5 Ways Your Storytelling Strategy Could Be Tanking Your Startup
“If you build it, they will come.”
This is what you tell yourself as you code for the 72nd hour straight, surviving off nothing but Hot Pockets and Soylent in your parents’ dusty basement.
You have a brilliant idea–world-changing. Future generations will flock to your Wikipedia bio in reverent awe. Soon, time will be divided into two epochs: Before Your Awesome Idea and After Your Awesome Idea. This is going to be monstrous.
As you pound the enter key with a triumphant “click,” your creation goes live for the world to see.
You drum on your desk eagerly, waiting for the interview requests from Wired, Oprah, and Jesus Himself to come pouring in. Waiting for the thunderous applause. The raving fans.
Or even just someone–anyone–to recognize the decades of effort you put into this thing.
…They never come.
The Truth About World-Changing Ideas and Storytelling Strategy
The sad reality is, nobody is sitting around waiting to be disrupted by your idea, no matter how amazing it may be. And believing they care enough to seek you out is wishful thinking at best, self-sabotage at worst.
People are selfish–not only do they want you to make their life easier, they want you to deliver solutions to them in a nice bow.
What’s that nice bow, you ask? Storytelling Strategy.
When I say “Storytelling Strategy,” what I’m talking about is a combination of things. Yes, it’s content marketing–that is, creating engaging, compelling content like blog posts and helpful videos to lure people closer to your startup. But it’s so much more than that.
Storytelling Strategy is the entire way you package your startup.
It’s everything you say about your startup and around your startup, ever. From the copy on your website and your social media accounts, to what you tell your friends that you do and the job title you list on your apartment applications, everything matters. Everything counts.
A failed storytelling strategy can be as obvious as no hits, no clicks, and no buyers. But it can also be more subtle, like your startup never achieving its full potential. You may never even realize your strategy is holding you back.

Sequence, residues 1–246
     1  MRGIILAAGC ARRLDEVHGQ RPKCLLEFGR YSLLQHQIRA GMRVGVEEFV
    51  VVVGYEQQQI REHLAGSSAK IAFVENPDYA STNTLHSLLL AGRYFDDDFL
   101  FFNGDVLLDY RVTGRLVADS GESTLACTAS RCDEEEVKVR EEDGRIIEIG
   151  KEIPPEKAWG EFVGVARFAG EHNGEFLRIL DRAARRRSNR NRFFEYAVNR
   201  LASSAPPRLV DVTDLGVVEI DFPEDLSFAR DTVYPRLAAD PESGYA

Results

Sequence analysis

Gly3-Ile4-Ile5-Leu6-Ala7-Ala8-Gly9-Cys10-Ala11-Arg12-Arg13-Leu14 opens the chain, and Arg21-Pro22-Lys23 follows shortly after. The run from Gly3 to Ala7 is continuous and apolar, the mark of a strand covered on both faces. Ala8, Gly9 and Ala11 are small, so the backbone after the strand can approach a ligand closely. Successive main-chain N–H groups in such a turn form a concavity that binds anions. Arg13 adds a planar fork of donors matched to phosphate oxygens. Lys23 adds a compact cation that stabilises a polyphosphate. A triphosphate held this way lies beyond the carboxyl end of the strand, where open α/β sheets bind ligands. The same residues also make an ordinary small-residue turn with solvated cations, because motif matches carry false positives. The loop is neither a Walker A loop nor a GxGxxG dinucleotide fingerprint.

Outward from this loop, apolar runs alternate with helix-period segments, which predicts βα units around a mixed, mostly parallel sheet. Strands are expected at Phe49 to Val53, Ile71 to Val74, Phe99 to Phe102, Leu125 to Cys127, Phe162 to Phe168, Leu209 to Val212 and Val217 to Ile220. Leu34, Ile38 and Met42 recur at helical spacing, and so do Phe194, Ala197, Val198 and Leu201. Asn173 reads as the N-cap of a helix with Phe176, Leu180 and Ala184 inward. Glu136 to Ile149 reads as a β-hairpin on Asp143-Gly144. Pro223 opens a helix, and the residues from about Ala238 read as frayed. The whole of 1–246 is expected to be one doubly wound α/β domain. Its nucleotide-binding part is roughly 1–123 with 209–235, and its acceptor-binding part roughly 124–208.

Below, we’re going to break down the 5 most common ways your storytelling strategy could be shooting your startup in the foot…and how you can fix it.
1. You Don’t Have a Strategy
A bit obvious, isn’t it? But you’d be surprised how many founders overlook having a storytelling strategy at all.
Instead of planning and thinking, these startups just “do.” And naturally, just “doing” leads to a lot of “hoping.” That is, hoping their business actually catches on after throwing it into the abyss. At best, it will be utterly ignored. At worst, it can be misconstrued, twisted, and manipulated by whoever encounters it.
Deciding upon a storytelling strategy helps you retain the integrity of your original idea: how you envisioned it being used and what your startup stands for. It also helps to establish YOU as the creator behind it.
This ties into the now-insanely-famous Simon Sinek “How Great Leaders Inspire Action” TED Talk. Sinek believes that companies like Apple are so successful because they sell their story–not their products. Without a strategy, Apple would just be selling expensive phones. But instead, they’re selling ~*~the future~*~.
Not sure if you have a strategy? Check in by asking yourself how much of what you do is intentional. Have you ever thought about what you tell people about your business? About what you say to the horrible “what do you do” question?
If your answer is yes, then good. Even if you’re having problems, you can just adjust the ship and be on your way.
If not, you now is the perfect time to get on course.
If you don’t have a strategy, the solution is simple (but not necessarily easy): get one. Start being intentional about what you say and do. It can start as small as writing out your company’s central value proposition and then making sure everything you do plays into it. Or you can get as big as content calendars and brand consultants.
Either way, awareness is key.
2. Your Story Isn’t Cohesive
The objective of a good storytelling strategy is to give leads and clients a “cohesive brand experience.” That is if one of your readers sees your content with your startup’s name removed, it shouldn’t be too hard for them to guess it’s from you.
To accomplish this, it’s important your story strategy is consistent in its tone and perspective.
Ready for an example? Here is one of Fisher-Price’s recent quote Tweets.
Now, imagine that, for their next quote Tweet, Wendy’s Twitter team (aka the best team in social media) took over.
That would be a bit jarring.
The problem with incoherence is that people inherently like predictability. But predictable doesn’t mean lame or redundant–it means that what you’re doing is aligned with people’s expectations.
For example. For a time, we expected Lady Gaga to pull crazy stunts. She certainly wasn’t boring when she wore her meat dress (which apparently has its own Wikipedia page), but she was acting in accordance with our expectations–so we weren’t thrown. We were surprised, but not caught off guard.
This is important because we are programmed to instinctively avoid unpredictable. To the ancient parts of our brain, unpredictable reads as dangerous, and as much as we all like to pretend we’re James Bond incarnate, we’re all just fear-avoiding simple folk at our core.
To find out if your brand has a cohesive identity, write out a list of adjectives you’d want people to use to describe your startup. Then, take a look at your recent content.